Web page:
Habeas corpus - retroactivity of post-conviction rulings: finality at the expense of justice.

AuthorFinley, Timothy T.
PositionSupreme Court Review - Case Note

    In Gilmore v. Taylor,(1) the United States Supreme Court held that the Seventh Circuit's ruling in Falconer v. Lane,(2) which declared unconstitutional the Illinois Pattern Jury Instructions for murder and voluntary manslaughter, could not be applied retroactively to a state prisoner whose conviction became final before Falconer was decided.(3) Applying Teague v. Lane,(4) the Court determined that the Falconer holding, which invalidated jury instructions practically identical to those given at respondent Kevin Taylor's trial, could not be applied retroactively to Taylor's case because it announced a "new rule" that was not "dictated by precedent" existing at the time of Taylor's trial.(5)

    This Note examines the Court's decision in Gilmore and concludes that the Court adopted an unreasonably broad definition of what constitutes a new rule under Teague. The Court's application of Teague suggests that any time a federal habeas petitioner makes a claim that is not directly supported by precedents that are precisely on point, that petitioner asks for the benefit of a new rule that cannot be applied retroactively.6 In other words, Gilmore has made it effectively impossible for a prisoner to bring a successful federal habeas claim unless the state imprisoned him in open defiance of constitutional precedents that were on point at the time of conviction. As a result, the Court has practically eliminated the doctrine of federal habeas corpus as Congress envisioned it and wiped away at least forty years of precedent. With the exception of the few criminal cases heard on direct review, this self-imposed limitation makes the Court powerless to overturn erroneous state convictions in all but the most egregious cases of bad-faith state defiance. By placing unreasonable emphasis on preserving the finality of convictions, the Court has relinquished one of its fundamental duties and given the states primary authority to determine what the Federal Constitution requires of their criminal proceedings.



      The doctrine of federal habeas corpus enables federal courts to order a state to release or retry prisoners held in violation of the Federal Constitution.(7) Federal habeas review can take place only after a state conviction has become final and all other state postconviction remedies have been exhausted.(8) Typically, federal habeas proceedings begin at the district court level.(9) Because they involve federal district court review of state court decisions, federal habeas claims are often referred to as "collateral" proceedings to distinguish them from direct appeals to the Supreme Court.(10)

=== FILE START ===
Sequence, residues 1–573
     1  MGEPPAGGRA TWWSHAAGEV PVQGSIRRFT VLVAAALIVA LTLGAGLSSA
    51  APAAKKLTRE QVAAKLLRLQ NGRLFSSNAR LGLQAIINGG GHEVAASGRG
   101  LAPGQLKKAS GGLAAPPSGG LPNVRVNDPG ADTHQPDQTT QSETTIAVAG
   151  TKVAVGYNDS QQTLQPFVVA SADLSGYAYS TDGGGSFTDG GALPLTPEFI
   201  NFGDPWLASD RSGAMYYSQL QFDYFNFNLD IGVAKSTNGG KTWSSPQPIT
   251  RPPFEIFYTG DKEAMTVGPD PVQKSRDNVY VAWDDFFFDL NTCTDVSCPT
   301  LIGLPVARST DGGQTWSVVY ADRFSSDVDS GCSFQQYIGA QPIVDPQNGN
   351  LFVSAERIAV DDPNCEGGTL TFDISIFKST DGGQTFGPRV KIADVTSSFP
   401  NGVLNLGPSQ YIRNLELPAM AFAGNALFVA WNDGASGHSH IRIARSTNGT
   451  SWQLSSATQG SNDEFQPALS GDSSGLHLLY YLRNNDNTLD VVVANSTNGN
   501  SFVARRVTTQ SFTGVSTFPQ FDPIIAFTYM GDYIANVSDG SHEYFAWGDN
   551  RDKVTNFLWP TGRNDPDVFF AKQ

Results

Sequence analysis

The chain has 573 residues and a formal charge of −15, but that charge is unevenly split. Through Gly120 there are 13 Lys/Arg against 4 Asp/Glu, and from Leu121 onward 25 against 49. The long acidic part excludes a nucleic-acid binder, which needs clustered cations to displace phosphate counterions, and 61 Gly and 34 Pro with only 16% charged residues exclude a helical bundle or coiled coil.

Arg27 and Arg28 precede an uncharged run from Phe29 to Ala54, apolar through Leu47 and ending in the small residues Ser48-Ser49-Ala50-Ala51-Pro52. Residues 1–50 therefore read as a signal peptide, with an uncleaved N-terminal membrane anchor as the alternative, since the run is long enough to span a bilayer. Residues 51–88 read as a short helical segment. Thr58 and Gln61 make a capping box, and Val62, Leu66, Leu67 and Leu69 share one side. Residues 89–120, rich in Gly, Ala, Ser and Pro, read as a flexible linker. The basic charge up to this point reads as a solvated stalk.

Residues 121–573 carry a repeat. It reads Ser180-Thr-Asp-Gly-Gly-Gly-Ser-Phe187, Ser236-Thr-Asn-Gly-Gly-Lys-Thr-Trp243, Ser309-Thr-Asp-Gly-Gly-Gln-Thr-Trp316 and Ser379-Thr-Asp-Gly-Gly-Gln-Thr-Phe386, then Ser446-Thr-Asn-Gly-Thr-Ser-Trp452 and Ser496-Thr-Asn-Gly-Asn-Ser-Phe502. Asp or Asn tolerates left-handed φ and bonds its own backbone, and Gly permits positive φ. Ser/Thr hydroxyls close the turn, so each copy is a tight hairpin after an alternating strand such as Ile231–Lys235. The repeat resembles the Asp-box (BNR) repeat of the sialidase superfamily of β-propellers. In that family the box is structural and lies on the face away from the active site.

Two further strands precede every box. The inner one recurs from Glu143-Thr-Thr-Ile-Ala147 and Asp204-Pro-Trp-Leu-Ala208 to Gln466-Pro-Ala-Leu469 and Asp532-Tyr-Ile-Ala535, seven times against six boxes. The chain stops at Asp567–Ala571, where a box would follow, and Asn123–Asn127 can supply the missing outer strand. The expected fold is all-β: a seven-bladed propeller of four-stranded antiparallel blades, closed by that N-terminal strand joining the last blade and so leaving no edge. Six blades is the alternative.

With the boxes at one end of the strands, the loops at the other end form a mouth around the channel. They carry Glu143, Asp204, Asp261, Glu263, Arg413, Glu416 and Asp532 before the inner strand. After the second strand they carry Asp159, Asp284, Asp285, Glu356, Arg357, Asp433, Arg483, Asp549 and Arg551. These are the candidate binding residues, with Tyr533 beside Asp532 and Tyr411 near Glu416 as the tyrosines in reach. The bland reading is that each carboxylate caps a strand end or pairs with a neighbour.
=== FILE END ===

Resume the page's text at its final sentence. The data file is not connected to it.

Federal habeas corpus has its origins in the Judiciary Act of 1789.(11) Initially, the doctrine of federal habeas corpus acted only to correct jurisdictional errors made by federal courts-relief was granted only to federal detainees who were convicted in courts that did not have jurisdiction over their cases.(12) During the nineteenth and twentieth centuries, federal habeas jurisdiction expanded. The Habeas Corpus Act of 1867 extended federal habeas jurisdiction to state court convictions and allowed federal courts to grant relief in cases where the conviction resulted from an unconstitutional law.(13) By 1953, at the latest, federal habeas relief could be granted for the same types of constitutional errors recognizable on direct appeal.(14) As civil rights and constitutional guarantees expanded in the 1960s, the writ of habeas corpus enabled federal courts to enforce the Bill of Rights against the states, establishing minimum standards of due process throughout the nation.(15)

      In recent years, the Rehnquist Court has severely limited the scope of federal habeas review through a number of judicial innovations.(16) Among the most effective limitations on federal habeas corpus is the Court's modification of the retroactivity doctrine in federal habeas corpus announced in Teague v. Lane.(17)


      In the context of federal habeas corpus, the term "retroactivity" refers to the issue of whether a "new rule" can be applied to a federal habeas petitioner who, by definition, is a prisoner whose conviction has already become final.(18) A new rule, generally speaking,(19) is a rule that did not exist at the time the petitioner's conviction became final.(20)

      Prior to 1965, the Court generally applied new constitutional rules retroactively to collateral appeals, as it did to cases heard on direct review.(21) In 1965, the Supreme Court held in Linhletter v. Walker(22) that the "Constitution neither prohibits nor requires retrospective effect" for new constitutional rules of criminal procedure.(23) Since its decision in Linkletter, the Court occasionally refused to apply a new ruling retroactively to cases on both direct and collateral review when it found that the new rule would excessively disrupt preexisting law.(24) Without distinguishing between collateral and direct appeals, the Court considered the following three factors in determining whether to apply a ruling retroactively: "(a) the purpose to be served by the new standards, (b) the extent of reliance by law enforcement authorities on the old standards, and (c) the effect on the administration of justice of a retroactive application of the new standards."(25)